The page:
This is about what he says and does publicly, and what is not said and done publicly by you.
Cerilli said that while he once felt his and Kushner's values were aligned, that no longer seemed to be the case.
"You seem like a good person. A smart person," he said. "I am not saying that you are a bad person, or that the way you act is wrong. I am saying that I don't agree with it, and me, [my cofounder], our team, and our investors ... would like to give you your money back."
Kushner listened until Cerilli was finished. He told him the call came as a shock — and that it was "cowardly."
Then, according to Cerilli's notes of the call, Kushner unleashed.
He conveyed that the process of campaigning with Trump had "allowed him to exfoliate" people he once considered friends. "I am seeing which friendships break in the wind," he said, according to the document.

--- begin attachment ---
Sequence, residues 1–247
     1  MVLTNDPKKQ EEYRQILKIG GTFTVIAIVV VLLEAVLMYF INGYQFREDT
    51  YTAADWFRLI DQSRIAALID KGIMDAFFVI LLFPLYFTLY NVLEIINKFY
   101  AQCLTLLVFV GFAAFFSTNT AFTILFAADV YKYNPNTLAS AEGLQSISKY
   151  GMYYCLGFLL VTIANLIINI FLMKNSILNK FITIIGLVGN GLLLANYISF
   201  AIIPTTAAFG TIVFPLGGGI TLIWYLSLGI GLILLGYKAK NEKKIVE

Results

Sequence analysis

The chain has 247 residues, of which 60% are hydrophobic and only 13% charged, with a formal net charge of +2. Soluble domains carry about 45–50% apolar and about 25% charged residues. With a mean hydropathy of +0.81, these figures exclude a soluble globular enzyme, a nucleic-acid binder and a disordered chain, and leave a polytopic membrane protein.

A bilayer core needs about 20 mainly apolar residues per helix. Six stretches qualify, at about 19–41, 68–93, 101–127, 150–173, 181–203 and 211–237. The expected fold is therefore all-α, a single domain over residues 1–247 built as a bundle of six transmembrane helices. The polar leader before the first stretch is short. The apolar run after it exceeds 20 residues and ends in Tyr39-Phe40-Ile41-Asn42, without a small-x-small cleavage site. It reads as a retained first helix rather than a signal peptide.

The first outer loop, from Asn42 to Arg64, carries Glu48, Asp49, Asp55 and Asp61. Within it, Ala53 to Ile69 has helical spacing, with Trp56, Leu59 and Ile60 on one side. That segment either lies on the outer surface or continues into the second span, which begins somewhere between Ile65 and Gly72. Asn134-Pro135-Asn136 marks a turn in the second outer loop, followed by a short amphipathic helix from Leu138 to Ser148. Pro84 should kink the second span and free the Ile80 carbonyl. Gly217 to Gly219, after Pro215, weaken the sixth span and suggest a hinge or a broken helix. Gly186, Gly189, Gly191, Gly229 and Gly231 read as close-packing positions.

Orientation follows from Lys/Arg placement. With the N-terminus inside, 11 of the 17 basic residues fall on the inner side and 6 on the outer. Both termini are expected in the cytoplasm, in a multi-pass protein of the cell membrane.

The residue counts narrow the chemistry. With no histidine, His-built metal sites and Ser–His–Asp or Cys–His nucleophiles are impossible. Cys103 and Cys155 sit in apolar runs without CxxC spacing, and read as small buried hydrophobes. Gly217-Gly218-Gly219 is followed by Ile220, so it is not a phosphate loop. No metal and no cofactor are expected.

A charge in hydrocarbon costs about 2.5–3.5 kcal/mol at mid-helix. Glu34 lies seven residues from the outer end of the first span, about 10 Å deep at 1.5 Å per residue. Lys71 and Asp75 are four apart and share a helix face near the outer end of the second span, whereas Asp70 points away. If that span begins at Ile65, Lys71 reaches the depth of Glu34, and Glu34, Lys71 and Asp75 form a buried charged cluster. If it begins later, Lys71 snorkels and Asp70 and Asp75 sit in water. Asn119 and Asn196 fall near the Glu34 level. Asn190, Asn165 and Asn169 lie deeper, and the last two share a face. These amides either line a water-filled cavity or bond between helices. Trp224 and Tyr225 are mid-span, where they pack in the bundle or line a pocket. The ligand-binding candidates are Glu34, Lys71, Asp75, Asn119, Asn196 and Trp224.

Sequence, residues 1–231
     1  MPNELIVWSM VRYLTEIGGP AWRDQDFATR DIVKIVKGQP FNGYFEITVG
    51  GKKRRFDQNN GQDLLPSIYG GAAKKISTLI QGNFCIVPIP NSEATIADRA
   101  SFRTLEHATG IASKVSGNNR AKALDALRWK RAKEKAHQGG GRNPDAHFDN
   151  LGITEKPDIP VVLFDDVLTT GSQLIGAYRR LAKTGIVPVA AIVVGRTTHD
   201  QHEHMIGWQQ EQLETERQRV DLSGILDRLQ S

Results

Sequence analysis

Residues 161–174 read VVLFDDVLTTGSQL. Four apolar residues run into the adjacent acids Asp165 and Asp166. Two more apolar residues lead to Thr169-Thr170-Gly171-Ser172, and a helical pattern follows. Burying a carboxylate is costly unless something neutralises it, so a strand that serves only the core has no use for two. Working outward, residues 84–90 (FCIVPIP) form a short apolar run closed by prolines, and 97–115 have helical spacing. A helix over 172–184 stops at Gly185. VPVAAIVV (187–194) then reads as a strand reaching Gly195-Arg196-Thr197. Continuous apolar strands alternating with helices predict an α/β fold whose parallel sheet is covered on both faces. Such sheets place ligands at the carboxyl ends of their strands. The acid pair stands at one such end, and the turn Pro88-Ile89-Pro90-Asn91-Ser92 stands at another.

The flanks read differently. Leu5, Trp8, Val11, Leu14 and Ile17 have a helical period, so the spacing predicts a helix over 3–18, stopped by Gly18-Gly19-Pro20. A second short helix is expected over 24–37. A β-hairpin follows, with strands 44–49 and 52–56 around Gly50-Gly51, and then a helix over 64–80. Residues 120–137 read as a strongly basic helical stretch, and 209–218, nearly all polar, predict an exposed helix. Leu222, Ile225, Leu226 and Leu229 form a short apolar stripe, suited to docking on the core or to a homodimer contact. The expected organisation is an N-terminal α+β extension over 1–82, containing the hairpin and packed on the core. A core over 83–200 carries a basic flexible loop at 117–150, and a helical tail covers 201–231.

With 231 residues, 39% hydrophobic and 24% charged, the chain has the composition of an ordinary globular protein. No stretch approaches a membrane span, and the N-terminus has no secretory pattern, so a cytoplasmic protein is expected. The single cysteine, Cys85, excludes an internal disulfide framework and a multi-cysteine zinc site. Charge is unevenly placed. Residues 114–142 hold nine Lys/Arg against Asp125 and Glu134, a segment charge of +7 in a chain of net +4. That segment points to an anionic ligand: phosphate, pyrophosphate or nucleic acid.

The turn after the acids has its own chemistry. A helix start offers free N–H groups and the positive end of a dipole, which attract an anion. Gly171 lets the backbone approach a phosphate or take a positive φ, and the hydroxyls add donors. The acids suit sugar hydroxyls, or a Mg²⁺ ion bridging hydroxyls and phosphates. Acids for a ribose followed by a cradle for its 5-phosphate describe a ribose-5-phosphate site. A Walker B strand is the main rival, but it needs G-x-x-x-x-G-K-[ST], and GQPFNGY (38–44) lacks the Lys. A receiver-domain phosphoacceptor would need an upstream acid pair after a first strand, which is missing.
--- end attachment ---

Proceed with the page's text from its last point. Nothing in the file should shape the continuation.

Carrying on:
"We live in a world and time that are interesting. There are a lot of issues that need to be discussed," he added.
He told Cerilli he was doing what he thought was right, with "complicated facets," and that he was "navigating it appropriately."
Cerilli's decision to distance himself, Kushner said, was a "childish thing." He questioned Cerilli's character, describing his messaging as "somewhere between incredibly immature and incredibly intolerant." The decision to oust Kushner seemed emotional, not based on facts. He questioned whether Cerilli knew about his actual involvement in Trump's campaign or where he stood on key issues.
"You clearly don't have the depth to take on a big challenge when something like this bothers you," Kushner said, "and so clearly your team doesn't either."
After a few minutes, Kushner concluded: "I don't give a shit. Send me the paperwork. I'll sign."
Who is Jared Kushner?
Those who know Kushner say he never intended to go into politics. His heavy involvement, these sources told Business Insider, spiraled from the fact that Trump ran a non-traditional campaign with few experienced advisers, often relying on people close to him like Kushner for guidance.